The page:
Start your hike slowly and build up to allow your body time to get used to what you are asking of it. Do 10 miles for a couple of days, up this to 15 for a couple of weeks and then find your limits. Most thru-hikers pull in around 20 to 25 mile days. Start too quickly or cover too much distance early on and you risk injury.
A small first aid kit is advisable. All I took was painkillers for those long days, some antiseptic cream that doubled as a bite relief from insects, a few plasters and some rubbing alcohol.
Many hikers advocate stretching. Although I never bothered there a lot of pros to be said for stretching down those muscles at the end of the day.
There’s a lot of advice out there concerning blisters. I used to cut away the top skin, apply rubbing alcohol but I always left them open to heal in the air, make sure you clean them as best you can at days end. It’s not the blister that should cause you problems, but the infection if you don’t treat them correctly.
Water borne parasites, bacteria and viruses can end a thru-hike. The worst culprit is Giardia which I have mentioned, present in the water so make sure you have treated it correctly. The drug for this condition, Flagyl (amongst others), is expensive. In America, due to some dubious regulation, you cannot get Flagyl unless you actually have contracted Giardia. Not much use if you’re in the High Sierra, 5 days walk from the nearest town. I had my GP in England prescribe me this before I went which he did obligingly, and kept it with me just in case I, or indeed, someone else fell foul. It would be well worth you doing the same.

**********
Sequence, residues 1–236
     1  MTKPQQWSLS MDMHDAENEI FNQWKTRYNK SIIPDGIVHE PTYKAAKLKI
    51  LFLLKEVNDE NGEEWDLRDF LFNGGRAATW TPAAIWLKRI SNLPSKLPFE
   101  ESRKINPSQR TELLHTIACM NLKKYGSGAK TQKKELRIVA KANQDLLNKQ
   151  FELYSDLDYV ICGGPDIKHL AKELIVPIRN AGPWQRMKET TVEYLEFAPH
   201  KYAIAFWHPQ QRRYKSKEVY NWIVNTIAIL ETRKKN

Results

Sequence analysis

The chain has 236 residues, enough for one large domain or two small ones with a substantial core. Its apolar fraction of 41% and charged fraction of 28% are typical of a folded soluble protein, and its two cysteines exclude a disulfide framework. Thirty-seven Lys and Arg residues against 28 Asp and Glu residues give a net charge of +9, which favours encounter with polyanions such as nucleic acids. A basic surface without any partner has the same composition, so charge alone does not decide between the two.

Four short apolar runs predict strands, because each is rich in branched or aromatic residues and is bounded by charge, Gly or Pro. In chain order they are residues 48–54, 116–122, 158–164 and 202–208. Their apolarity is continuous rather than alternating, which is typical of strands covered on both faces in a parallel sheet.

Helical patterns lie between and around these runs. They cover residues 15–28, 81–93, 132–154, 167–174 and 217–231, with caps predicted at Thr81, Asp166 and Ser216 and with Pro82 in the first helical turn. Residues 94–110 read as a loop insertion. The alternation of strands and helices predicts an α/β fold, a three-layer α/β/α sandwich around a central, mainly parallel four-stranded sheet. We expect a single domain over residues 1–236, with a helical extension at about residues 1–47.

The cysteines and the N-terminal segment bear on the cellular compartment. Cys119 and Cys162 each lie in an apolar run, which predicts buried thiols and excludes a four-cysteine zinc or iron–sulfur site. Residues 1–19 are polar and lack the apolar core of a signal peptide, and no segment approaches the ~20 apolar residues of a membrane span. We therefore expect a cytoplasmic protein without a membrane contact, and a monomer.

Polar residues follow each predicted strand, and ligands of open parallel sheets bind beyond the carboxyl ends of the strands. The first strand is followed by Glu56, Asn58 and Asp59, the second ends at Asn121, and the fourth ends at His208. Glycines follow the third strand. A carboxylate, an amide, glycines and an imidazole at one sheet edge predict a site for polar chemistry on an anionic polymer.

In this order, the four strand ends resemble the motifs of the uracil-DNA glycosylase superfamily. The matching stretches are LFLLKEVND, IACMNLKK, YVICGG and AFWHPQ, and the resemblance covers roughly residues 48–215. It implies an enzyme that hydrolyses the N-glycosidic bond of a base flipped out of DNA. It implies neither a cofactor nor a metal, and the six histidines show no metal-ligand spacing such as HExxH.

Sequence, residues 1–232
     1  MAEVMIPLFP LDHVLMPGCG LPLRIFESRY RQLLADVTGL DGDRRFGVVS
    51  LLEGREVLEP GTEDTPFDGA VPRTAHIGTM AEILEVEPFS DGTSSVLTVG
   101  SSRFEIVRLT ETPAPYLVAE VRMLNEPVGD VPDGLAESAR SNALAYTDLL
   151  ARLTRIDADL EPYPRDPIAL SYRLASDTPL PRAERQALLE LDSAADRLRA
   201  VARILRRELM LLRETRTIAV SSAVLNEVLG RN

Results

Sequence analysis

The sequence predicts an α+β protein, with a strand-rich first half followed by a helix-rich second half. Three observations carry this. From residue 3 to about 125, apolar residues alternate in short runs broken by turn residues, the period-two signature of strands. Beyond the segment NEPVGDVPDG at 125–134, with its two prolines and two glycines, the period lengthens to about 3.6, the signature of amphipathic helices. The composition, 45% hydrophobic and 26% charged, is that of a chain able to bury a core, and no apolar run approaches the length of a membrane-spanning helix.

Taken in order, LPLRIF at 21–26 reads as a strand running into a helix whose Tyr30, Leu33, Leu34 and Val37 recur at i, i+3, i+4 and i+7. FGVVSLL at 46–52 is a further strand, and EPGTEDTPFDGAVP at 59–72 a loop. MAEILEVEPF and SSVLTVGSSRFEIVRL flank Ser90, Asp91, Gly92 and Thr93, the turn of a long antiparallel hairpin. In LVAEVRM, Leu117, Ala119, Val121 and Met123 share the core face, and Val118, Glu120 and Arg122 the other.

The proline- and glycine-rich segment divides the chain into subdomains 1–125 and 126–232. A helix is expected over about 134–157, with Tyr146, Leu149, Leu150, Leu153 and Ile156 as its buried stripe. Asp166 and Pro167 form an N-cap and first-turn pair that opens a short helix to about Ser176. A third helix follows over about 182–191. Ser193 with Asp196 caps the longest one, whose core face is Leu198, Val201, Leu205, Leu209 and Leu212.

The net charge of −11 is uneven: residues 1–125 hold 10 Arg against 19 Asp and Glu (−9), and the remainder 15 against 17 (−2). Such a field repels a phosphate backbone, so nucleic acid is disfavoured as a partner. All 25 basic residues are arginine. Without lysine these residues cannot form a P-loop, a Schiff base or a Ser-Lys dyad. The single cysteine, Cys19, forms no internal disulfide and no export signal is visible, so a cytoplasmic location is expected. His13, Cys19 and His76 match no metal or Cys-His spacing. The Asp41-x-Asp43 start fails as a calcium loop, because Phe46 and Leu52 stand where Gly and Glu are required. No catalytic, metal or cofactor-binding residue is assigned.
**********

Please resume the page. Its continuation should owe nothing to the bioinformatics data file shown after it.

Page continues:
Keep the packaging on any drugs. If you decant them before you enter the USA, you will have to prove what they are or get them confiscated. Empty into Ziplocks when you get there and mail ahead of you to collect as you progress.
Sunblock is paramount, at least until your skin becomes used the sun. Insect repellent is a choice many take but you will probably still get bitten.
Beware of altitude sickness in the High Sierra (also known as altitude cerebral edema; Altitude anoxia; Altitude sickness; Mountain sickness; or high altitude pulmonary edema). Make sure you research the condition, know the signs and what to do. Simply, it can kick in as low as 2000 metres and above and is a result of reduced air pressure and lower oxygen levels.
Difficulty sleeping, dizziness or light-headedness, fatigue, headache, loss of appetite, nausea or vomiting, rapid pulse (heart rate), and shortness of breath with exertion.
If you feel you may be suffering from AMS, the fastest, simplest and quickest way to relieve the situation is to lose altitude, i.e. climb down until your symptoms subside and stay there for a day. Remember also to climb the mountain gradually, stop for a day or two of rest for every 2,000 feet (600 meters) above 8,000 feet (2,400 meters), and sleep at a lower altitude when possible. This advice would be more applicable to section hikers who go straight to somewhere like the Sierras and start there. A thru-hiker would have spent several weeks slowly gaining altitude and should be in a better position to cope with altitude. However, even thru-hikers note that AMS can strike anyone, no matter how fit they are or how long they have spent aclimatising.
Remember you can’t always call the emergency services on the PCT because chances are you will not have a signal to do so. Walk with others if you feel insecure.
Californian meadow just before Warner Springs – K. Foskett
You will, at some point, if not regularly, use the American Postal system (USPS). It is reliable and inexpensive. If you’re not utilising food drops, you could make use of the ‘Bounce Box.’